Parshat Ki Tisa – Leetal Winick

Posted on March 4, 2015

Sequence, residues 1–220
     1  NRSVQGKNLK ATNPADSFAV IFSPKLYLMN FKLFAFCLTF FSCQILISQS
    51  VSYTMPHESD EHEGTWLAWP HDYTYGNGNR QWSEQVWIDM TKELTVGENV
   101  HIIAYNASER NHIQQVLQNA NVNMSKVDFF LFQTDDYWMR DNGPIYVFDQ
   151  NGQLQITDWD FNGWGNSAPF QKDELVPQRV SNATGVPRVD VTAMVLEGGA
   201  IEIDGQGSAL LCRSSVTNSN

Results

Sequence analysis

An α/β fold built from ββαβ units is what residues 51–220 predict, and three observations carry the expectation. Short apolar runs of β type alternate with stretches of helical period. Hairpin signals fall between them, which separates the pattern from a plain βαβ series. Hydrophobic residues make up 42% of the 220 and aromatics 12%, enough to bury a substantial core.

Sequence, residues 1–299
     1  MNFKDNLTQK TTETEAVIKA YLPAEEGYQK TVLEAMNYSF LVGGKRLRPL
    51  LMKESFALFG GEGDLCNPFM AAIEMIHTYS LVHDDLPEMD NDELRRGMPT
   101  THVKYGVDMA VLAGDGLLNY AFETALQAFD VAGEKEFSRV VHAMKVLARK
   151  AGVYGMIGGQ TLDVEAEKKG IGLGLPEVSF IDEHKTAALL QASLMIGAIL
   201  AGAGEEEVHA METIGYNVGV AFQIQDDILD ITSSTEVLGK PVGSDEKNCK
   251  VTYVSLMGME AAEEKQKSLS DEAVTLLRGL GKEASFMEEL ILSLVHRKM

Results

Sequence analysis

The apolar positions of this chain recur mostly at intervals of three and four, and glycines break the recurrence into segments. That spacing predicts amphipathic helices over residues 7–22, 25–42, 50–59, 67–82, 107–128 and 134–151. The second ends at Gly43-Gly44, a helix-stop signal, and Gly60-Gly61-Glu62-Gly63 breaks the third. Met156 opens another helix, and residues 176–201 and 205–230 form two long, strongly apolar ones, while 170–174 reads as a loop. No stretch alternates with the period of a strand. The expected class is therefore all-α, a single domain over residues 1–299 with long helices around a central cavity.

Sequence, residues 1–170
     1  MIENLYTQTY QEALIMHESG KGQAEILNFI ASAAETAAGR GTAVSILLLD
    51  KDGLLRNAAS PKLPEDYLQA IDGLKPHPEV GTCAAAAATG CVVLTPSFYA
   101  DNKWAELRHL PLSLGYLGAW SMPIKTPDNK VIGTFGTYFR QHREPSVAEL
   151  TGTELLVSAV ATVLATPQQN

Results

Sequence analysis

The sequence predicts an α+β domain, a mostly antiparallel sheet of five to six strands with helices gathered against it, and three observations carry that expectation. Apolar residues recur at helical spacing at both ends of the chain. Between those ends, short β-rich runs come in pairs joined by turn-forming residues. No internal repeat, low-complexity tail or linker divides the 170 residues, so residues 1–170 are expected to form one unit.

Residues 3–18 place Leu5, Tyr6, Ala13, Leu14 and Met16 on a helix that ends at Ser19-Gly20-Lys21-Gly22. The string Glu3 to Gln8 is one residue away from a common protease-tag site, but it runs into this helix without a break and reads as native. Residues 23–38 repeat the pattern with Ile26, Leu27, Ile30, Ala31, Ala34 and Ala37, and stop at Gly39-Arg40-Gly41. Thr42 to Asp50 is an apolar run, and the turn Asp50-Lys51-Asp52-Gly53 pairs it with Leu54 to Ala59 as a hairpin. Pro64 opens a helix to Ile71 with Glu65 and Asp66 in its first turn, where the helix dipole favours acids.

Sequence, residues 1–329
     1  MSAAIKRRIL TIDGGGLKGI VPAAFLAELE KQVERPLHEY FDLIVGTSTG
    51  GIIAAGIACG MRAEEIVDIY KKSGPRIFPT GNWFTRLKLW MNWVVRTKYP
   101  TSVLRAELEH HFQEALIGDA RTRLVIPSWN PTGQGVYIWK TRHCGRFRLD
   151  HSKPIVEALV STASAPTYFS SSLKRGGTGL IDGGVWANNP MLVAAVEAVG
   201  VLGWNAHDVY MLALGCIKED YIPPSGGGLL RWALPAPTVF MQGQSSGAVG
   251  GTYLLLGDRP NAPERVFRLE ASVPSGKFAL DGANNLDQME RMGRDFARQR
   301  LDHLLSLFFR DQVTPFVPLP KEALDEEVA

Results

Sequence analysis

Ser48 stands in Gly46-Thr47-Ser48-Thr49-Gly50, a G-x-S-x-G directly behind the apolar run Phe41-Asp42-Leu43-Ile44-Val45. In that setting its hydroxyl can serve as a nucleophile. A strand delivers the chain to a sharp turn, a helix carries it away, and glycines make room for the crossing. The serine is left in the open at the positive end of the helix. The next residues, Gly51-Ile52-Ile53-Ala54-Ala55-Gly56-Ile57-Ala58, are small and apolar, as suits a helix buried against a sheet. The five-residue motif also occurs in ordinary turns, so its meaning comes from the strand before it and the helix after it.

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Ki Tisa is an iconic parsha, which begins with Moshe taking the census of the Jewish people by collecting a half a shekel from everyone and then as most of us know Moshe ascends to Har Sinai for forty days and forty nights and receives the torah. The Jewishpeople miscalculate the days and because Moshedoesn’treturn on the day they believed he would returnthey make a golden calf as a substitute for their leader and worship it. When Moshe descends from Har Sinai he sees what the Jews have done and drops the ten commandment, which were in his hands.  The Jews repent, Hashem forgives them, and Moshe re ascends up to har Sinai and rewrites the Ten Commandments. This week is also Purim If we think about it Parshat Ki Tisa and Purim have a direct correlation, in both stories the Jews fall to there lowest of lows, in the parsha the Jews worship the golden calf and in the Purim story the Jews go to Achashveroshs party. Yet in both of the stories the Jews are able to regain their faith, belief and trust in Hashem and rise from the lowest of lows to their normal high level of spirituality. In addition at the end of the parsha Moshe is a granted a vision of Hashem’sthirteen attributes of mercy, which recite on YomKippur. In the torah Yom Kippur is also known as Yom kippurim. Ki Purim= a day like Purim, where the Jews were at their lowest of lows and rose up to holiness. In both circumstances hashem forgave us and showed us mercy. It may sound un original or cliché to say that we can go to such a low place yet still rise, but seriously every day we either make stupid decision or face hard circumstances and it tends to way us down, to eat away at our faith and hope, we wonder how we can ever be content and how life could go back to normal? If we look at the Jews in Ki Tisa we literally were at the lowest we could be, we were about to get the torah, the symbol of our people, we were about to receive what we fought for in all those years of serving as slaves in Egypt yet we messed up and we automatically went to serving a golden calf, in the Purim story we went to a party in which Achashverosh mocked our people, where he used the vessels of the mishkan to have a good time, and because we were there it meant that we didn’t care about the mishkan we didn’t care again for the things of which we had fought so relentlessly for. So if the Jews at they’re literal lowest levels could be forgiven and rerise again to the normal god fearing lives they had lived before then the mistakes we make today and the challenges we face seem to be trivial. Rather then being weighed down by our challenges and our mistakes us as the Jewish people should repent and have faith that Hashem will forgive us just like he forgave the Jews by Har Sinai and just like he forgave the Jews in Shushan.